Even before the US and the EU began to impose sanctions, Putin had backed away from modernisation, sidelining liberals in his administration. A crackdown on the opposition that has intensified since the Ukrainian revolution has silenced Kremlin critics. In economic matters, Putin has focused on Soviet-style priorities: self-sufficiency in the defence sector and the ambitious development of Russia’s far east.

Economic reform

Advocates of economic reform have tried to put up a fight. Only last week, former Russian finance minister Alexei Kudrin warned that the Ukraine crisis was driving Russia into a “historic confrontation” that would damage business interests.

However, calls for reform have been drowned out by a powerful group of military-minded nationalists in Putin’s inner circle who welcome the prospect of Russia’s isolation and de-coupling from the west.

Putin has various retaliatory options. He can try to strengthen ties with China, which signed a 30-year gas deal with Russia this year and shares the Kremlin’s desire to end US global dominance. More aggressive moves could involve the derailing of international talks with Iran or counter sanctions against the west.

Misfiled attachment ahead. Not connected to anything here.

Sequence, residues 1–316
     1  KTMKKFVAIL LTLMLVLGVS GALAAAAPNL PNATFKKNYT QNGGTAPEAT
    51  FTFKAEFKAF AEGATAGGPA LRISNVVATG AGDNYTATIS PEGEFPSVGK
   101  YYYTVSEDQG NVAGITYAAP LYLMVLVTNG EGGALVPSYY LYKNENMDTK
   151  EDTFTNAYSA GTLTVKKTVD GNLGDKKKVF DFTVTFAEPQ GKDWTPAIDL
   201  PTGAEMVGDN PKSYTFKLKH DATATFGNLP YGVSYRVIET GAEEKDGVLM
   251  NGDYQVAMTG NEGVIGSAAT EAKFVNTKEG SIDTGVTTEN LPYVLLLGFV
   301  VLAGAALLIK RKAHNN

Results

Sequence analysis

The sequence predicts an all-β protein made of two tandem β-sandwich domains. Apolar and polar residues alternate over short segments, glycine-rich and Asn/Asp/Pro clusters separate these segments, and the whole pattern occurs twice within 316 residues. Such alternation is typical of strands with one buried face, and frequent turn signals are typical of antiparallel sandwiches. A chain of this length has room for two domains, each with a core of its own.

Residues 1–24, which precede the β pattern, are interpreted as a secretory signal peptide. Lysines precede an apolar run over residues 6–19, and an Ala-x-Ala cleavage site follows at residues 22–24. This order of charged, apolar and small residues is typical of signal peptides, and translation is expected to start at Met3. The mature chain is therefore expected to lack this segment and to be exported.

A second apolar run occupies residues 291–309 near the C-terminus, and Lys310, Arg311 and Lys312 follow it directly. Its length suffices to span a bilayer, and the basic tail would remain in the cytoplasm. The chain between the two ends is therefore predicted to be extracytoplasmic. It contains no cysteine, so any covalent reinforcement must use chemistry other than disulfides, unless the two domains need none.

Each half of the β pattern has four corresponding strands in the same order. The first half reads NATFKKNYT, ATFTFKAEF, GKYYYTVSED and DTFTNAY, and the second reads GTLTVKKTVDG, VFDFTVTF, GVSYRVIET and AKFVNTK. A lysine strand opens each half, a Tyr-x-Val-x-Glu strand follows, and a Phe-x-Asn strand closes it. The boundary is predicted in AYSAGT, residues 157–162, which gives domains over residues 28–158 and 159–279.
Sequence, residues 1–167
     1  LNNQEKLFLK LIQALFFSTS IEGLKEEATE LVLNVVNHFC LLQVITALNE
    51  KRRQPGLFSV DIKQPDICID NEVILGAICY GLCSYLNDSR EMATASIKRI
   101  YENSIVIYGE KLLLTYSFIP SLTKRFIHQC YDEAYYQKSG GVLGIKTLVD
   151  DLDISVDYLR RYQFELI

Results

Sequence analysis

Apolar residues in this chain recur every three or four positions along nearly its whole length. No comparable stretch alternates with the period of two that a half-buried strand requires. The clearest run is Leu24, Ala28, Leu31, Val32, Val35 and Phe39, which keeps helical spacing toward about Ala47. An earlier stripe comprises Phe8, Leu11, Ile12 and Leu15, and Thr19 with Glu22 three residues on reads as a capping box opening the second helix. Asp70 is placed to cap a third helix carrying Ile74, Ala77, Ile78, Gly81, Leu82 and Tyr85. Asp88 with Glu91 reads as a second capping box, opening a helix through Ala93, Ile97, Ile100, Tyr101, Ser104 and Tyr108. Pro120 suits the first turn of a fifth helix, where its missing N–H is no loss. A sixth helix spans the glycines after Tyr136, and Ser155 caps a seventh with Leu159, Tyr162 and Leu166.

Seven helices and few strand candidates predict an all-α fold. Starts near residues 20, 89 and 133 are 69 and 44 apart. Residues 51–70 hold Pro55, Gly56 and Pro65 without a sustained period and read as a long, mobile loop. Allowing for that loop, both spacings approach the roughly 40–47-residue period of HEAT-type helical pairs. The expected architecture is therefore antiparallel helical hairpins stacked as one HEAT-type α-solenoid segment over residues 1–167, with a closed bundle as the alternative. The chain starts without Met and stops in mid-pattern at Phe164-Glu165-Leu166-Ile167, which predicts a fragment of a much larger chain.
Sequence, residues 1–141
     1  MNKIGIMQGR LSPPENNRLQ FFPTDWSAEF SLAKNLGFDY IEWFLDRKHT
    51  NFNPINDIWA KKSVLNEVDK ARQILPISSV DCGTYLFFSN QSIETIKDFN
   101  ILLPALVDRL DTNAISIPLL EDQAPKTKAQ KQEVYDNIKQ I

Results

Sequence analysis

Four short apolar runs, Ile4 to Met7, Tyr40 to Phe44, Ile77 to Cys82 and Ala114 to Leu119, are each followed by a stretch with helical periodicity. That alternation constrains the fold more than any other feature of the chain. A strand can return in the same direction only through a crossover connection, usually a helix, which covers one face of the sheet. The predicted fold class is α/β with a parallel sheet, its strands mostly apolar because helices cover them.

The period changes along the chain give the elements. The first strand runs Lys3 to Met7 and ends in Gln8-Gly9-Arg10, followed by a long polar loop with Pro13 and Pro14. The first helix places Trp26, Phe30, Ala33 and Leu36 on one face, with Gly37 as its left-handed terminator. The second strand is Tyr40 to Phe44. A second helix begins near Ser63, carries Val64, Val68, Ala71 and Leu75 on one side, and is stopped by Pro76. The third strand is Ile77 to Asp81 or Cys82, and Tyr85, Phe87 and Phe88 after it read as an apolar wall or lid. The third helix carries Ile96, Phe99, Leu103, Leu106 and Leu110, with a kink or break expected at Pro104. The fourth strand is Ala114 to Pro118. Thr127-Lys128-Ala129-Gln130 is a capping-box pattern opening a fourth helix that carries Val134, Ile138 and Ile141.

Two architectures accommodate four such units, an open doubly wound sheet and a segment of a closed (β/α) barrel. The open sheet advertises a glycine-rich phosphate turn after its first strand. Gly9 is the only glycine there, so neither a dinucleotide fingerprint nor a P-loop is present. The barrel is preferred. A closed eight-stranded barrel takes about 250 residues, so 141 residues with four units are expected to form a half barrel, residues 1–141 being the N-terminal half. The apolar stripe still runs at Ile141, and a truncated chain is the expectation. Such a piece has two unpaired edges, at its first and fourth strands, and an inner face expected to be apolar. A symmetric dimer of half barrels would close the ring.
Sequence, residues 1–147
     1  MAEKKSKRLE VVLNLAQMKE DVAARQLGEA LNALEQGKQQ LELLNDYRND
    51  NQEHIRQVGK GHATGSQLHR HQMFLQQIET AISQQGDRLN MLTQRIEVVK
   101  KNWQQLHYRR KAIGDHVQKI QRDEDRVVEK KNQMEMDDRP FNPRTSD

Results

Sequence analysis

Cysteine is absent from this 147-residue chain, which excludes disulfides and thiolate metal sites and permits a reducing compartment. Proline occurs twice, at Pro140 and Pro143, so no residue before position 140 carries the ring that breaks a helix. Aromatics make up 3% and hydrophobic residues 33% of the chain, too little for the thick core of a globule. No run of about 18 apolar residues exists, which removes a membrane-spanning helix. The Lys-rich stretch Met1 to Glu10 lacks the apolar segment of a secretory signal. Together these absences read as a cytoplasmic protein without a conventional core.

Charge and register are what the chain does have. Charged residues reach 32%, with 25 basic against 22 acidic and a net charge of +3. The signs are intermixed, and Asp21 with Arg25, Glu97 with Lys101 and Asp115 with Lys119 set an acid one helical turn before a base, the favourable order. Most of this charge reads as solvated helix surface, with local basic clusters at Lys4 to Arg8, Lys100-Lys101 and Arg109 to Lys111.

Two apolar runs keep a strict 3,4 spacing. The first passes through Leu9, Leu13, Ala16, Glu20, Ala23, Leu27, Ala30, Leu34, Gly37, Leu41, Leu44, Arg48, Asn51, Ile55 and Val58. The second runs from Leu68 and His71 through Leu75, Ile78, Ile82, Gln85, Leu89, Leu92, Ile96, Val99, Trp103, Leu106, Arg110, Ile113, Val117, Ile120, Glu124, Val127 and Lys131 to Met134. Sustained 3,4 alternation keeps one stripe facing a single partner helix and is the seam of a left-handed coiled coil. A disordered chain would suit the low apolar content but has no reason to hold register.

What Putin can’t risk, says Russian historian and commentator Nikolai Zvanidze, is buckling to western demands and withdrawing support for pro-Russian separatists in Ukraine. “If he gives up the separatists or even gives a signal, he will immediately be accused of weakness and serious problems will arise over his political future,” he wrote on Yezhednevny Zhurnal, the Russian current affairs website.

In the coming months Putin will need to calculate how much economic hardship ordinary Russians will stomach before questioning the Kremlin’s policies in Ukraine.

With almost two-thirds of respondents to a Levada Center poll this week saying they were not afraid of sanctions, there’s no immediate cause for alarm in the Kremlin.

Russians are historically used to putting up with hardship and the pain caused by the sanctions will hardly compare to the suffering unleashed after the collapse of the Soviet Union when the economy went into a tailspin.

“What matters more to Russians [than their material wellbeing] is that a historical injustice has been reversed and Crimea has been reunified with their country,” said Alexei Grazhdankin, deputy director of the Levada Center. “State media knows this and will play on the national consciousness.”